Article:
The purpose of the study was threefold: to understand security behaviours in practice by investigating factors that may cause an individual to comply with a request posed by a perpetrator; to investigate if adding information about the victim to an attack increases the probability of the attack being successful; and, finally, to investigate if there is a correlation between self-reported and observed behaviour.
Factors for investigation were identified based on a review of existing literature. Data were collected through a scenario-based survey, phishing experiments, journals and follow-up interviews in three organisations.
The results from the experiment revealed that the degree of target information in an attack increased the likelihood that an organisational employee falls victim to an actual attack. Further, an individual’s trust and risk behaviour significantly affected the actual behaviour during the phishing experiment. Computer experience at work, helpfulness and gender (females tend to be less susceptible to a generic attack than men), had a significant correlation with behaviour reported by respondents in the scenario-based survey. No correlation between the results from the scenario-based survey and the experiments was found.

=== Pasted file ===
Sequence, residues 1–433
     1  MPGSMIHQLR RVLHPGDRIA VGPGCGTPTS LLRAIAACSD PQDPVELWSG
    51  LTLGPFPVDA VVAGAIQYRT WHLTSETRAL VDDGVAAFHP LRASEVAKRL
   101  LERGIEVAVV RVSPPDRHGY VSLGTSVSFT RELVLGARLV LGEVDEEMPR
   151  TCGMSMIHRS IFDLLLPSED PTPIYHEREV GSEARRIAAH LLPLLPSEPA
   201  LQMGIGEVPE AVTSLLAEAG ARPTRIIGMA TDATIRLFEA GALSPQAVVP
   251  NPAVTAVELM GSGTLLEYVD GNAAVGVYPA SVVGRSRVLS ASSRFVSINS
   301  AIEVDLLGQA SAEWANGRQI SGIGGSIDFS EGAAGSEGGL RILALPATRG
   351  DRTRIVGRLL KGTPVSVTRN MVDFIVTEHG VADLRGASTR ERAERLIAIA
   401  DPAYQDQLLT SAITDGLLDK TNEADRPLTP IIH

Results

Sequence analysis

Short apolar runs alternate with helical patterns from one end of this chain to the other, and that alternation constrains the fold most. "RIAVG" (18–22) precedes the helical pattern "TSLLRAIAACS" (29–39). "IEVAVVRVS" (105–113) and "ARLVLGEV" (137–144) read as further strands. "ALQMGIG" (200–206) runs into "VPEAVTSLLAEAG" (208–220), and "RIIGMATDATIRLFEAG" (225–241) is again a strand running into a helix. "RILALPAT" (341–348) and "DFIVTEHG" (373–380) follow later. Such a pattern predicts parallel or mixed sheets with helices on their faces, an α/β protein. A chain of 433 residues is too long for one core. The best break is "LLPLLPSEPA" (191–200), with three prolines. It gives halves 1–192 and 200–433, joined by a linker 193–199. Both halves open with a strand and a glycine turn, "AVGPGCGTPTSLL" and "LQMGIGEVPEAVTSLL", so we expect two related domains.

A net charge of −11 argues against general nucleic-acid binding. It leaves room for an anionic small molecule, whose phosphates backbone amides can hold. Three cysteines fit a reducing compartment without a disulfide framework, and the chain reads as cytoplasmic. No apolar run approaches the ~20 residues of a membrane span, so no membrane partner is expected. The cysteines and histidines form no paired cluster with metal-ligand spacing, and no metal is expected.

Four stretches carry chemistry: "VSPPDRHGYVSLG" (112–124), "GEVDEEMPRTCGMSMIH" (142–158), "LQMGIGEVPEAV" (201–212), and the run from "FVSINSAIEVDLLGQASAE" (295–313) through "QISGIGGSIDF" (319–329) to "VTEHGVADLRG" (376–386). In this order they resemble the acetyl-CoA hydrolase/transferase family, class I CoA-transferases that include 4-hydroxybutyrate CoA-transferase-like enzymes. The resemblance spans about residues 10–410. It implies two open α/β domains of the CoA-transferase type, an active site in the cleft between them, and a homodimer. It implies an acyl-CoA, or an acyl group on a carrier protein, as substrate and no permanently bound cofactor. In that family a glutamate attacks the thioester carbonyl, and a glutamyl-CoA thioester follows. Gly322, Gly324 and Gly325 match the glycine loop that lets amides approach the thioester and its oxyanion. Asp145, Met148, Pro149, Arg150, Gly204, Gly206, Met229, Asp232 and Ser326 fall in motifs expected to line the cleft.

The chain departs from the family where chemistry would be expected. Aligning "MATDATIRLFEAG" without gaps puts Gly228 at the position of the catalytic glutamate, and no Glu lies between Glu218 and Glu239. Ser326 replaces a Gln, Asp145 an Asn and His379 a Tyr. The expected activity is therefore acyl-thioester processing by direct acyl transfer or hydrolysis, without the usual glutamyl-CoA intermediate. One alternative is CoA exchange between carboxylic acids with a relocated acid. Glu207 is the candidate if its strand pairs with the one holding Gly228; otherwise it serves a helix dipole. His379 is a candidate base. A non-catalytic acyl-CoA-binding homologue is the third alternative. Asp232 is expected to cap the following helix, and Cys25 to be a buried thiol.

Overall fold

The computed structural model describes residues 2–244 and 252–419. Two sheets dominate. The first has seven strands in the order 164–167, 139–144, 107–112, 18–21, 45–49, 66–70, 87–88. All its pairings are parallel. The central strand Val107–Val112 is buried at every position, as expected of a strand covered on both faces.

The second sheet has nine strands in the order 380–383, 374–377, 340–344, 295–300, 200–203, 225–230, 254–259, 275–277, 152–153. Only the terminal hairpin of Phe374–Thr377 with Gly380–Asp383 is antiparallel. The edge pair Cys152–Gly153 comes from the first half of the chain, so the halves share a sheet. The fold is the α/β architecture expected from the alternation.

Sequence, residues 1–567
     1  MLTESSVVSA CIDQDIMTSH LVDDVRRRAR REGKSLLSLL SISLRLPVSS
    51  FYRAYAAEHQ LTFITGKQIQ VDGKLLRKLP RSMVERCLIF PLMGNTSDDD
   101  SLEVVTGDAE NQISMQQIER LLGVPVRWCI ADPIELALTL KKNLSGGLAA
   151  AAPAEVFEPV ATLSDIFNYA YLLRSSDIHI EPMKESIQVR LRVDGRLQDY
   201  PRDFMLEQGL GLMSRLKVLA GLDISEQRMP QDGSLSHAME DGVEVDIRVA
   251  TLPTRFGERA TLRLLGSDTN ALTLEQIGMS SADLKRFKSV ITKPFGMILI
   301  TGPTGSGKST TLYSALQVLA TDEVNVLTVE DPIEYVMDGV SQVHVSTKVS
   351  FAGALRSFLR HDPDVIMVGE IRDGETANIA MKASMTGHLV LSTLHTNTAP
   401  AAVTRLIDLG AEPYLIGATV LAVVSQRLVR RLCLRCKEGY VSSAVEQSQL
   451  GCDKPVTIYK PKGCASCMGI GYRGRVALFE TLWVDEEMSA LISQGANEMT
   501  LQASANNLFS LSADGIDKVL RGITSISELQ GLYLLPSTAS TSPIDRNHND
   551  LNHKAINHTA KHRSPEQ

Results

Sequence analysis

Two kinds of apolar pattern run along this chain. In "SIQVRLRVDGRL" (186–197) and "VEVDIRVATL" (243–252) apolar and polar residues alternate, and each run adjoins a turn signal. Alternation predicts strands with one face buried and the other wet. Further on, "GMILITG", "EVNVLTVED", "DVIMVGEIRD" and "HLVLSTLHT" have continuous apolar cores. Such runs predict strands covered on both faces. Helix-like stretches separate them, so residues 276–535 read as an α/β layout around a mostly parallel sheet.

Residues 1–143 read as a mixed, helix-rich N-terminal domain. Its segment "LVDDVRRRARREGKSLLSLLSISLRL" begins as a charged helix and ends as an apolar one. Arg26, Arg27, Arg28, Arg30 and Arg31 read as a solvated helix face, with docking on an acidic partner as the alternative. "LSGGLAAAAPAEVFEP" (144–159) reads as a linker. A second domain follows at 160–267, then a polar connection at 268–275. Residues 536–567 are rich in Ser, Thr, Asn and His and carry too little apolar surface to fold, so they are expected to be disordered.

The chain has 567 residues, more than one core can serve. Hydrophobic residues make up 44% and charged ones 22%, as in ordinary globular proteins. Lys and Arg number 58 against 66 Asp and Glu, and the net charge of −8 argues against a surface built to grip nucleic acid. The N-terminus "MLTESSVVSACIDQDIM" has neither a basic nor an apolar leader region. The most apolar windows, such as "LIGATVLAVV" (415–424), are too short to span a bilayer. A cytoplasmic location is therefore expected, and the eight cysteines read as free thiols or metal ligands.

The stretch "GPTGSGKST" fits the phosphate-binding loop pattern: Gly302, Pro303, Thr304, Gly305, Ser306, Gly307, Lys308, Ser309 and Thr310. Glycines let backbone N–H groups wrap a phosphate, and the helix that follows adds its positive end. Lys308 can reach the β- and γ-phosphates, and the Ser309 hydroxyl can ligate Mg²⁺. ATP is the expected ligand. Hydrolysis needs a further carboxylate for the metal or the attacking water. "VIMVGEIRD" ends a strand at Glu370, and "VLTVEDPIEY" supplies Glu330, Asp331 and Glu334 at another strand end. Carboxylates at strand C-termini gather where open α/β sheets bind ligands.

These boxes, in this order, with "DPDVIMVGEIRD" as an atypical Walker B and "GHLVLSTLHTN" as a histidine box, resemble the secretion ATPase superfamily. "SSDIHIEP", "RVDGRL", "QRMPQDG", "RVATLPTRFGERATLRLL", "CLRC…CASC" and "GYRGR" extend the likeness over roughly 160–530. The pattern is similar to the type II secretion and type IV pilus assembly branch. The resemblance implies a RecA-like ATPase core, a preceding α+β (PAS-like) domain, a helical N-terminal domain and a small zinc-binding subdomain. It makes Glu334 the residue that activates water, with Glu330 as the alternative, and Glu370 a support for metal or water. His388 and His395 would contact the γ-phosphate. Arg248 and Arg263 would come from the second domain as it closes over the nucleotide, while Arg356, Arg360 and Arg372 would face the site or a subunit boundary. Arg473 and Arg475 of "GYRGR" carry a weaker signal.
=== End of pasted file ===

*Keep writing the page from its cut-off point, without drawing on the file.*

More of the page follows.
One limitation is that the scenario-based survey may have been interpreted differently by the participants. Another is that controlling how the participants reacted when receiving the phishing mail, and what actually triggered each and every participant to click on the attached link, was not possible. Data were however collected to capture these aspects during and after the experiments. In conclusion, the results do not imply that one or the other method should be ruled out, as they have both advantages and disadvantages which should be considered in the context of collecting data in the critical domain of information security.
Two different methods to collect data to understand security behaviours have rarely been used in previous research. Studies that add target information to understand if such information could increase the probability of attack success is sparse. This paper includes both approaches.
Rocha Flores, W., Holm, H., Svensson, G. and Ericsson, G. (2014), "Using phishing experiments and scenario-based surveys to understand security behaviours in practice", Information Management & Computer Security, Vol. 22 No. 4, pp. 393-406. https://doi.org/10.1108/IMCS-11-2013-0083
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